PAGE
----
Last weekend, I had the distinct pleasure of presenting the new Road to Mental Readiness (R2MR) training program, along with eight other R2MR-certified trainers, to attendees at the Northeastern Fire Education Conference in North Bay, Ont.
Written by Jennifer Grigg
March 30, 2016, Port Severn, Ont. - When I left my full-time job in the municipal planning department three weeks ago, I had no idea where I would end up or what I would do with myself. There were definitely things I wanted to do, but how often do we think to ourselves, “If I had the time, I would do this, this and this,” and then never actually do it?

I’ve often daydreamed of travelling and having meaningful conversations with people who inspire me, and then writing a book about those experiences.

The time I have on my hands right now, I’ve realized, is the perfect time to fulfill that dream. In the past three weeks, I’ve been fortunate enough to spend time chatting with the acting principal of the Ontario Fire College, a fire protection specialist with the Office of the Fire Marshal and Emergency Management, a suppression captain with Mississauga Fire and Emergency Services, and a former co-worker who is a fire inspector with MFES (and you all know how I have a special place in my heart for Mississauga).

I am literally living my dream. Experiencing the knowledge, insight, humour, integrity, compassion and genuineness of the four people with whom I’ve had the honour of spending time is valuable beyond belief.

If someone told me a year ago, or even six months ago, that I would drive an hour, each way, to spend an hour speaking with the principal at the fire college – whom I’d never actually met before – I never would have believed it. I knew who she was (doesn’t everyone? She’s a powerhouse in the fire service) and we’d connected and chatted often through social media, but that was the extent of our interaction. The idea of calling her up (messaging her, actually – we introverts prefer email/text to phone calls) to ask if I could visit for a quick chat would have totally freaked me out in the past. My fear would have been too great for me to make that move, regardless of how much I wanted to.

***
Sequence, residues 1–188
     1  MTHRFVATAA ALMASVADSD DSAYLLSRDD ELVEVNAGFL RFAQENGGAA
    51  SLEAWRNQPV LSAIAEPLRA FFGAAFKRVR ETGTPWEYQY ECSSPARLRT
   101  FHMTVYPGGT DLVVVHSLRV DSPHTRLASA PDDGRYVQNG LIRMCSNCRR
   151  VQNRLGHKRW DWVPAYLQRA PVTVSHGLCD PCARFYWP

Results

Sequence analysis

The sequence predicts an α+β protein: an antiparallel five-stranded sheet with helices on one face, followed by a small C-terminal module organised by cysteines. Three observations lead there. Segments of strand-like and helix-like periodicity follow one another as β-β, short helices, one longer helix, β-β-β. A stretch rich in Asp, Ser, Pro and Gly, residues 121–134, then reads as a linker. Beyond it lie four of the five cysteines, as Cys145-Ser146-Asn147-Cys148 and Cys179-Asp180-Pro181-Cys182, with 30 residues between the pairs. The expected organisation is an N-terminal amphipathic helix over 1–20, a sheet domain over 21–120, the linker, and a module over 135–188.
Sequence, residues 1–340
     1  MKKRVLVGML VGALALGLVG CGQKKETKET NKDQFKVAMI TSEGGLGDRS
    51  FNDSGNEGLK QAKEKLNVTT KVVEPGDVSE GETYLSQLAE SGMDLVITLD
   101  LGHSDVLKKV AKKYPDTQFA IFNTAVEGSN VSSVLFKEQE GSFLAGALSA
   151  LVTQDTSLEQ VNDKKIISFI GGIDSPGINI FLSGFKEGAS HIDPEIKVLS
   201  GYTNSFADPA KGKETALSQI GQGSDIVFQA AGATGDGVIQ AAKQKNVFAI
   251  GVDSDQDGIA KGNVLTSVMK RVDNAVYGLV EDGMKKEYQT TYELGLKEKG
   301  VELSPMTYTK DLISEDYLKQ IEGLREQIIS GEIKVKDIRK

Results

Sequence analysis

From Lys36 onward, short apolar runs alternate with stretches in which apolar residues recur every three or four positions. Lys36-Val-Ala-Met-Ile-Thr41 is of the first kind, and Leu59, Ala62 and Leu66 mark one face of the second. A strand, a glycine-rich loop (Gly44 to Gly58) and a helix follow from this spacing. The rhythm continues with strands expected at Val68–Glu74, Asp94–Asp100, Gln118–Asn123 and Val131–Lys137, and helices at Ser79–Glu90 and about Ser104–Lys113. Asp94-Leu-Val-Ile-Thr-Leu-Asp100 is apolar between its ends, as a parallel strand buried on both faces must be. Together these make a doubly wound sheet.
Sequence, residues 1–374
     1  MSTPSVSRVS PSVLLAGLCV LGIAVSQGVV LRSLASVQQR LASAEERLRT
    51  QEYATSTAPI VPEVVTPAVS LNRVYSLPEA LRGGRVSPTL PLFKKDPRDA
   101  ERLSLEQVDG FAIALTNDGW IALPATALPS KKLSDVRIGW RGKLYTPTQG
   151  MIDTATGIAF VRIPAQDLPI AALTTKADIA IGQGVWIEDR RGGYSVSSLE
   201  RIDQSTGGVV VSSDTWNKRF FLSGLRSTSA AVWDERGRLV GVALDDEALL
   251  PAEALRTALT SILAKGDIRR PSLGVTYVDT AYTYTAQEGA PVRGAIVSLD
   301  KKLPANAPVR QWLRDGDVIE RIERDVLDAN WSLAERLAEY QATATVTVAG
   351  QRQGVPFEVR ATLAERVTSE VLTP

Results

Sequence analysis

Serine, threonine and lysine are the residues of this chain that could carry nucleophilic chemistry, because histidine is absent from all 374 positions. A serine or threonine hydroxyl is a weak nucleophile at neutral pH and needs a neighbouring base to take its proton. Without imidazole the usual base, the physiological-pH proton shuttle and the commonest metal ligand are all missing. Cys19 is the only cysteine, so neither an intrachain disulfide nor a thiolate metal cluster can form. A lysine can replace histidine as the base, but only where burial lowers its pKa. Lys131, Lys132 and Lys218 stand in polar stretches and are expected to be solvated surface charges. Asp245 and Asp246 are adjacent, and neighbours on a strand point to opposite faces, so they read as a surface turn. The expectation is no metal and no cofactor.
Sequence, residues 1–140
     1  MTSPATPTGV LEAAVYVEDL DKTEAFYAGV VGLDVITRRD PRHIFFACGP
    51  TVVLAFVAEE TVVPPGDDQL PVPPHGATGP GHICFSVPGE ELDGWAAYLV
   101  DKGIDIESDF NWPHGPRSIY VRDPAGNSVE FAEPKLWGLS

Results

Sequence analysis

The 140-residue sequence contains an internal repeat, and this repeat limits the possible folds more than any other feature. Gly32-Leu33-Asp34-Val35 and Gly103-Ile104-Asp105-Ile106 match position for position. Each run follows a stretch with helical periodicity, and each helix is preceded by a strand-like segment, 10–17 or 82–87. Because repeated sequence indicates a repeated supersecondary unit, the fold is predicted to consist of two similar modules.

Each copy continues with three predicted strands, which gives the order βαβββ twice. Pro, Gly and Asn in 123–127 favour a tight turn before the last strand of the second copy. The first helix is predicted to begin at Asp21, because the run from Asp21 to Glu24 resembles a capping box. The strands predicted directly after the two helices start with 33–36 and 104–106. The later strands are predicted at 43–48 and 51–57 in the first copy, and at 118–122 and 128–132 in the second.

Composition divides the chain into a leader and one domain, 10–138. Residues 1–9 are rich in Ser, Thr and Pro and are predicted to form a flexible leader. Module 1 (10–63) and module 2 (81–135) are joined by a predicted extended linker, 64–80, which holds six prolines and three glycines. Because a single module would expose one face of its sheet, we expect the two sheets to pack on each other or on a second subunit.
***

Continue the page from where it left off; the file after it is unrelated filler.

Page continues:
Meeting the fire protection specialist for coffee and a chat two weeks ago was something else I would have been too shy to do in the past. I’d met him during a course I took last year, but did not get to know him well, and, for a shy introvert such as myself, the thought of a conversation with a near-stranger would have sent me back into my cocoon. Fortunately, shyness appears to be a non issue for me these days.

The suppression captain I spent time with this week has been a hero of mine since my Mississauga days, and yet, today was the first day that I actually really spoke with her. I remember meeting her briefly in the fire station when I was a very new fire inspector back in 2004. The moment my captain introduced her as a captain, it was as though the heavens parted and the sun shone down on her. Sounds totally cheesy, I know, but when you come face to face with the small, silent dream that you carry within, it’s a pretty powerful moment. Since I first fell in love with the fire service, I’ve dreamed of being a full-time firefighter one day. Life may have taken me in another direction, but this captain will always be an inspiration.